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Ask Alice, with Alice McVeigh

the 'agony aunt' of classical music,
answers more of your questions

Dear Alice,

Thanks for publishing my letter ... I still can't believe Saddam would be routed so fast! Is it safe to go public with my story now? And could I send you my first draft?

Also: it's about my stormy relationship with Saddam's sister at Juilliard, but I just can't think of a snappy title.
Can you think of anything?

(name supplied)

Dear Name supplied,
Yes, terrific moment when Saddam's statue was smashed to pieces, and personally I think you could go public already!

As for your title, well, I'd love to help but I am famously hopeless at titles. The brilliant title of my play about a conductor obsessed by his father's past (Beating Time) was first suggested by a cellist friend, and I still can't believe that my first novel (While the Music Lasts) ever got published, bearing as it did midst snow and ice my original title (The Secret Files of an Orchestral Anarchist) ...

However, my editor suggests we throw this one open to the readers. If anyone out there has a knack for punchy, winning, saleable titles then now's your chance!


Cartoon by Noel Ford of Alice McVeigh from her book 'All Risks Musical'

Ask Alice

Dear Alice,

My wife and I are thinking of IVF, should I take up the viola?

(By the way, what does IVF stand for?)


Dear DGriffs,
I appreciate that you're feeling low, which, as I was infertile for twelve years, I can empathize with. However, I am not convinced that your case is so hopeless that you need to take quite such drastic measures. The viola is not an instrument to be taken up lightly. My friend played professional viola until tendonitus struck, and she was, in her weakened state, converted to fundamentalist Christianity, with an irrevocably disastrous effect on her sense of humour.

Seriously, however, the effect of viola-playing on one's sperm count remains unknown, but inconclusive studies in Switzerland suggest that, exposed to the sound of a viola, your average sperm pretty much gives up the will to live. I also think the needs of your partner must be considered. Some women might be put off sex altogether by the sound of a viola.

My advice would be to consider the trumpet. The same trial to which I previously alluded (though as I mentioned it has yet to be replicated in double-blind form) suggested that, upon hearing the sound of a trumpet, the spermies started swaggering around like nobody's business, jumping into bed with chicken eggs, toad eggs, indeed any eggs, and generally showing some serious get-up-and-go. Time and tests alone will ascertain whether an antidote can be found for those trumpeters over-afflicted with this condition, but, circumstanced as you are, I think it definitely worth a try.


Ask Alice

I'm training as an opera singer and am finding that my bust is getting in the way. Whenever I inhale, I find that my ample bosom escapes from my bra. What can you suggest?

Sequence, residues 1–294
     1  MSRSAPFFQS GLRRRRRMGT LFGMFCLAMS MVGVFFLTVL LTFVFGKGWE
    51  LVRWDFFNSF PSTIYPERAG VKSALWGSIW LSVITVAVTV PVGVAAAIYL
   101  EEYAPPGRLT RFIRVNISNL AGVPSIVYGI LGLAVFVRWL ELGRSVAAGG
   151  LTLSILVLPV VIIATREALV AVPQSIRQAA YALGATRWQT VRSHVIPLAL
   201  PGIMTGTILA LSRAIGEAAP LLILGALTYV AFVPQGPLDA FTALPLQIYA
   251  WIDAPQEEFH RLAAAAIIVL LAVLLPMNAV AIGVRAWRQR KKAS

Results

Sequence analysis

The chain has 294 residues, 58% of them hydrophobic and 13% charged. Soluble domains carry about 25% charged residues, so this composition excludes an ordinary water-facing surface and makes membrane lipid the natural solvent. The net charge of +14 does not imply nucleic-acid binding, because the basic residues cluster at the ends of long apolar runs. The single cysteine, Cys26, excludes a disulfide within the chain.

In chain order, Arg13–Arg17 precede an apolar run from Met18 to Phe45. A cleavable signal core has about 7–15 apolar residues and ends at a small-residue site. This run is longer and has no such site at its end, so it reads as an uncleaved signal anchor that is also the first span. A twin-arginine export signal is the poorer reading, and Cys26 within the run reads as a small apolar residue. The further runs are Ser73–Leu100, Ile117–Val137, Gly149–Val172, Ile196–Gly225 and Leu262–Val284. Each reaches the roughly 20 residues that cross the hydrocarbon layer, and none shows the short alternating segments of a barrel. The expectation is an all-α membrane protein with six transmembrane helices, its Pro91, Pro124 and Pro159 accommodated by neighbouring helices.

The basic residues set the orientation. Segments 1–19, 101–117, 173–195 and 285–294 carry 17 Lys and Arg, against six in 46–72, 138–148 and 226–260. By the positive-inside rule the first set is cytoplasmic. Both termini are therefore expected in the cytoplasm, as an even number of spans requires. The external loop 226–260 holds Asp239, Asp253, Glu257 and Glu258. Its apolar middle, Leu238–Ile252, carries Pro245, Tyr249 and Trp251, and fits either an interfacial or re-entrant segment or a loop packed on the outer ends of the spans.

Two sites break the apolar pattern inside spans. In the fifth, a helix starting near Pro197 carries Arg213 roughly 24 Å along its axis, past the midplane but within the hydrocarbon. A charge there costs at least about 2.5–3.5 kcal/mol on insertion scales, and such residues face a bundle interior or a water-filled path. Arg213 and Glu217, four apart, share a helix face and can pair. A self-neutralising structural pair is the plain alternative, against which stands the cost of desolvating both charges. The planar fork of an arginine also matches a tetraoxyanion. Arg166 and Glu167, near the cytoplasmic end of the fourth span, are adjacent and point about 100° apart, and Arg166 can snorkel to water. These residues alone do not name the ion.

Dear Carole,
Your bust is not getting in your way -- no, this is -- sorry, these are -- two of your prime assets in your chosen field. The career of an opera singer is indispensably linked to the rising and falling of a truly magnificent bust, preferably all smooshed together by a cagey corset which, at the same time, allows you to indulge in diaphragm breathing.

How do you suppose Georgiu or Kiri Te Kanawa first impressed? How else do you expect to smite susceptible conductors, agents etc with the power of your charms -- oops, I mean talent? The only downside that I can see is that, as you must know, opera directors increasingly choose to ask singers to sing inside-out, on their backs and/or upside-down, in which case your assets really might escape you at some point. (This is called 'creativity', 'thinking outside the box' or 'buggering up the singers'.) My advice is to pretend this will bring on a violent migraine or vertigo, and distract the director concerned by mentioning something which might appeal just as much to his sensation-seeking mentality (removing your shoes to enable the tenor to suck your toes etc).
Think about it.

Ask Alice

Authentic performances, come on McVeigh, admit it, they're f***ing awful. Why do you think Beethoven tore off his own ears (or was that Van Gogh?) -- just to rid himself of the awful sound of gut strings, horse pube bows and no bloody vibrato.


Dear Dave,
(Your query reminds me irresistibly of a cellist friend who joked that she'd given up vibrato for Lent!)

But the answer to your question, it has only recently been discovered by musicologists that Beethoven inserted pens into his ears until he was unable to hear not because he was fed up with musicians' tone colours, but in order to drown out the sound of their constant whinging. As he prophetically remarked when having a pint with one of the lesser-spotted Bachs, 'They'll bloody well appreciate us when we're dead. Musos! Don't know they're bloody born.'